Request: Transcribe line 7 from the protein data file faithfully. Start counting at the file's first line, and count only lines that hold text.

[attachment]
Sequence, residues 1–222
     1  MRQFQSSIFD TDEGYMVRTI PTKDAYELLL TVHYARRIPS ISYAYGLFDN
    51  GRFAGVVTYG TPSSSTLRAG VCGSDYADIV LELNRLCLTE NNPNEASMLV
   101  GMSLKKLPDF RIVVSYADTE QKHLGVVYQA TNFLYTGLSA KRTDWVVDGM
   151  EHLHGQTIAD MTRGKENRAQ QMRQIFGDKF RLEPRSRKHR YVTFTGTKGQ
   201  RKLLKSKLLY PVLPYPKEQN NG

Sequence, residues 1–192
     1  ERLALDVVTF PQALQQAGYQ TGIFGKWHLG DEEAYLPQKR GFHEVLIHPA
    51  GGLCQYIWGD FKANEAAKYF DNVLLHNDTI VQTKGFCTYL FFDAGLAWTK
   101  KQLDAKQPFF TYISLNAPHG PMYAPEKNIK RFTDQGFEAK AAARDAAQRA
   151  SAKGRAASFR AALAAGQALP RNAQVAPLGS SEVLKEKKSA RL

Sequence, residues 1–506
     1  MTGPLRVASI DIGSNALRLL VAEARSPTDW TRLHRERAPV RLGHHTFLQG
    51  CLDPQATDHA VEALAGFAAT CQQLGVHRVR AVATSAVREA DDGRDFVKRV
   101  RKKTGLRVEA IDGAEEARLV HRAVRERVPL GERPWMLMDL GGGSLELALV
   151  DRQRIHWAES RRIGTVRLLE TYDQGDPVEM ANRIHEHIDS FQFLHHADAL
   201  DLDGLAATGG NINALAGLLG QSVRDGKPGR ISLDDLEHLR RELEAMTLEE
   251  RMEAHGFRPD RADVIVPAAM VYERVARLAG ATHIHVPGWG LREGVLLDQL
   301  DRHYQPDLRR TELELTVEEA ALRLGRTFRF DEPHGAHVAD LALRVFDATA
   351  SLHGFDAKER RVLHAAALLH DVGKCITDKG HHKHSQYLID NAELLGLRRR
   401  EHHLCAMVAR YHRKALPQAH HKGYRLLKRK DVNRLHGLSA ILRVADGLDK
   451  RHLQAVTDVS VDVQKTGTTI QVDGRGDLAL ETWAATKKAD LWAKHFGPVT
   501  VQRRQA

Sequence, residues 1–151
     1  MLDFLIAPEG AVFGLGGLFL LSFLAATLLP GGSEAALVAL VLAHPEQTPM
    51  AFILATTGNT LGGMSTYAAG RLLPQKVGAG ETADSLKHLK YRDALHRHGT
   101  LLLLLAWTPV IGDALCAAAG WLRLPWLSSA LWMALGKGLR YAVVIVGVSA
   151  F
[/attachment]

Sequence, residues 1–192